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laboratory informatics Future prospects for LIMS


John Boother believes that these are exciting times to be in the LIMS business


P


redicting the future direction of the LIMS market provides an interesting challenge. Perhaps the safest and surest prediction is that there will be


change. LIMS is big business – a recent report from Kalorama Information1


suggests that the


market for LIMS will grow to nearly $1.5bn in 2015, spurred on by the desire of clinical diagnostic laboratories to handle larger amounts of data from molecular testing and sequencing. Increasing data generation in these and


other market areas, coupled with the growing expectation of seamless data transfer between a variety of communication devices (tablets, ELNs, mobile phones as well as PCs) anywhere in the world highlight the importance of technological advancements in the development of LIMS. Greater integration with laboratory instrumentation is likely to be another factor. One potential disadvantage of emerging


and developing technology platforms and the current absence of any formal LIMS data standards, however, is that LIMS soſtware may have compatibility issues, which could lead to greater cost of ownership. LIMS vendors who design their soſtware to be adaptable to change will benefit as well as their customers. Products that are adaptable will have longer lifetimes, meaning that the cycle to develop new products will be longer, reducing soſtware development overheads. In addition, products with the adaptability to meet future changes are more attractive to customers, giving them a better return on investment. For example, offering features that would be expected in either a LIMS or an ELN means that laboratory managers would not need to choose between adopting either a LIMS or an ELN or have to attempt to integrate both types of system. Te emphasis is on identifying the needs of the laboratory and finding a total solution that meets those needs.


Managing change Technological change is one issue, but there are other drivers of change, both internal and external, and this is where the adaptability of the LIMS is so important. Internal changes within a laboratory or its parent organisation could involve the adoption of new tests or a complete new testing regime; the introduction of new equipment; the replacement of older equipment;


10 SCIENTIFIC COMPUTING WORLD


changes in reporting requirements, or perhaps even taking on testing in a new market area (for example for contract testing laboratories or as result of a business merger or acquisition). So a LIMS that allows new work flows to be added and multiple work flows to be operated concurrently would help in this situation. Similarly, regulatory impact is critical. Any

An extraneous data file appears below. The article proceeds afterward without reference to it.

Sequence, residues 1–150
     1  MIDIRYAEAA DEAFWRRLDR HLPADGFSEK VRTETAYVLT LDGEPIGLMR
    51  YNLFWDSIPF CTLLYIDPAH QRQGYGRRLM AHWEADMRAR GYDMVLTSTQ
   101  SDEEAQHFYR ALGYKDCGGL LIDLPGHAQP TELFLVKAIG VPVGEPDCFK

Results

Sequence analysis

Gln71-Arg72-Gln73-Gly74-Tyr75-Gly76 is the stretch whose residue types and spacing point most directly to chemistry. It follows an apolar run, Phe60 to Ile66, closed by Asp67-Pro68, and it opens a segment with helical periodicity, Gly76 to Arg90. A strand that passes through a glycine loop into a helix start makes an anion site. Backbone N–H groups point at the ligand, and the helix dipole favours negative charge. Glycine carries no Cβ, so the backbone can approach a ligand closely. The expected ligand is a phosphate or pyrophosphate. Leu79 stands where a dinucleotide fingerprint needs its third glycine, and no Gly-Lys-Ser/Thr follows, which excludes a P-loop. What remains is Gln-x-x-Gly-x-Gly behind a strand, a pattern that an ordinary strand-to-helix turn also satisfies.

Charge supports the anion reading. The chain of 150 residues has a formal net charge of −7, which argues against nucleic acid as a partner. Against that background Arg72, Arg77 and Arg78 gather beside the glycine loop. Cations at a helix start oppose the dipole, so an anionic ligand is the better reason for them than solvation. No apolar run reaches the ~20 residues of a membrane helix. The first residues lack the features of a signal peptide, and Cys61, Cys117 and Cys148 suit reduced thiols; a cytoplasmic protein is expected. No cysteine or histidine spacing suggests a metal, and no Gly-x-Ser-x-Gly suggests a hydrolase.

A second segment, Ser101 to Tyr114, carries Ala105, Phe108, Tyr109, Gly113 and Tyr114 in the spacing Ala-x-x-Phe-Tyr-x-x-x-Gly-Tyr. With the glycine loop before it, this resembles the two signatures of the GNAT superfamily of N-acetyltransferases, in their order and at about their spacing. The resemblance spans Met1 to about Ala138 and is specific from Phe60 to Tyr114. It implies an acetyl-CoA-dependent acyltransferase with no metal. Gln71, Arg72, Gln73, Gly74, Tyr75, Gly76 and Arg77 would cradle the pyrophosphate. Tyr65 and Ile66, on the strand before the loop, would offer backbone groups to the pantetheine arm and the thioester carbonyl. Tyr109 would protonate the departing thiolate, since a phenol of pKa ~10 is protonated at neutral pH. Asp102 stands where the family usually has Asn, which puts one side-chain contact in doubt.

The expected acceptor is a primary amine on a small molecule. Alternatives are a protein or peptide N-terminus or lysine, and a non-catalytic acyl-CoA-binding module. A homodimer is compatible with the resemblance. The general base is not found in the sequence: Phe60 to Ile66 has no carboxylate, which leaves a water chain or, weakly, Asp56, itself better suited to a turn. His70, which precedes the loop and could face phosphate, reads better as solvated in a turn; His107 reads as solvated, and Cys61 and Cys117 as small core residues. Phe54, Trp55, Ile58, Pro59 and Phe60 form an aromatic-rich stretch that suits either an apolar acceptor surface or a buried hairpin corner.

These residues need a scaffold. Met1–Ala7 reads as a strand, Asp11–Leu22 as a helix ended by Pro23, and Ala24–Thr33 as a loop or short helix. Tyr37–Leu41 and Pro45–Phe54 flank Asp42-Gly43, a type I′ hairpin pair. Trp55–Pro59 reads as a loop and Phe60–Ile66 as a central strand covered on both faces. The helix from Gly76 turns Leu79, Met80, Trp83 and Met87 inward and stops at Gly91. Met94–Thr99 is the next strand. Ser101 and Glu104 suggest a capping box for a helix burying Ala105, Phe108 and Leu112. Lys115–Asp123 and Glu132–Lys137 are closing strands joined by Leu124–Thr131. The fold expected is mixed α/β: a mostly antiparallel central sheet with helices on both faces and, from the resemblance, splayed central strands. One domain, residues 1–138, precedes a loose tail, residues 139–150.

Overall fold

particular standards found in any industry can be subject to update or change. Take clinical trials in the EU, for example. Te EU Clinical Trials Directive (20001/20/EC and 2005/28/EC) and subsequent UK laws covering the conduct of clinical trials in accordance with Good Clinical Laboratory Practice are well established. However new EU Clinical Trials Regulations2


were approved by the


European Parliament in April 2014 and are expected to become law throughout the EU in 2016. Tis new regulation is intended to overcome disproportionate regulatory requirements including high costs and a lack of


LIMS HAS


CONSIDERABLE POTENTIAL TO BRANCH OUT TO


QUALITY MANAGEMENT AS WELL JOHN BOOTHER


harmonisation of the applicable rules necessary for multinational clinical trials. Any of the changes described above could require changes to the way a LIMS is implemented, so flexibility in the product is essential, as well as the way in which LIMS vendors support their customers through change processes and whether they make any charges to implement these changes! Indeed, a recent survey3


A business case for LIMS Te role of LIMS has already extended beyond the original laboratory information management to provide business management capabilities as well. Systems for contract laboratories can already handle an extensive range of management functions from invoicing to consumable inventory control, but this is likely to expand in areas where the cost of running a laboratory needs to be monitored closely. Tis could range from monitoring the time required to carry out a test to the usage level of the instrumentation involved and the cost of reagents required. LIMS also has considerable potential to further branch out into other aspects of business management such as quality management, by providing a systematic resource for tracking, storage, auditing and reporting of data across all segments of a business or company.


References and Sources 1


2 carried out by Strategic


Directions International asked several hundred LIMS managers and knowledgeable users about their needs, capabilities, and trends relating to the LIMS market. Tis revealed that the top two criteria when choosing a LIMS vendor were service/support, and responsiveness/reliability of the LIMS vendors. With change comes the need for traceability. Whilst the ability to


3


http://www.prweb.com/releases/2013/10/ prweb11171117.htm


http://ec.europa.eu/health/files/ clinicaltrials/2012_07/press-releases/memo- 12-566_en.pdf


http://www.strategic-directions. com/_a/market-reports/index. cfm?action=3&sdi=-1747271820


John Boother is managing director of Autoscribe Ltd.


@scwmagazine l www.scientific-computing.com Autoscribe produces Matrix Gemini LIMS


track samples and everything that happens to them within the laboratory is a fundamental requirement of any LIMS, tracing any changes made to the LIMS set-up is also becoming more important for complete auditing of a system. Version control of screen designs is one example of where system auditing can be simplified.


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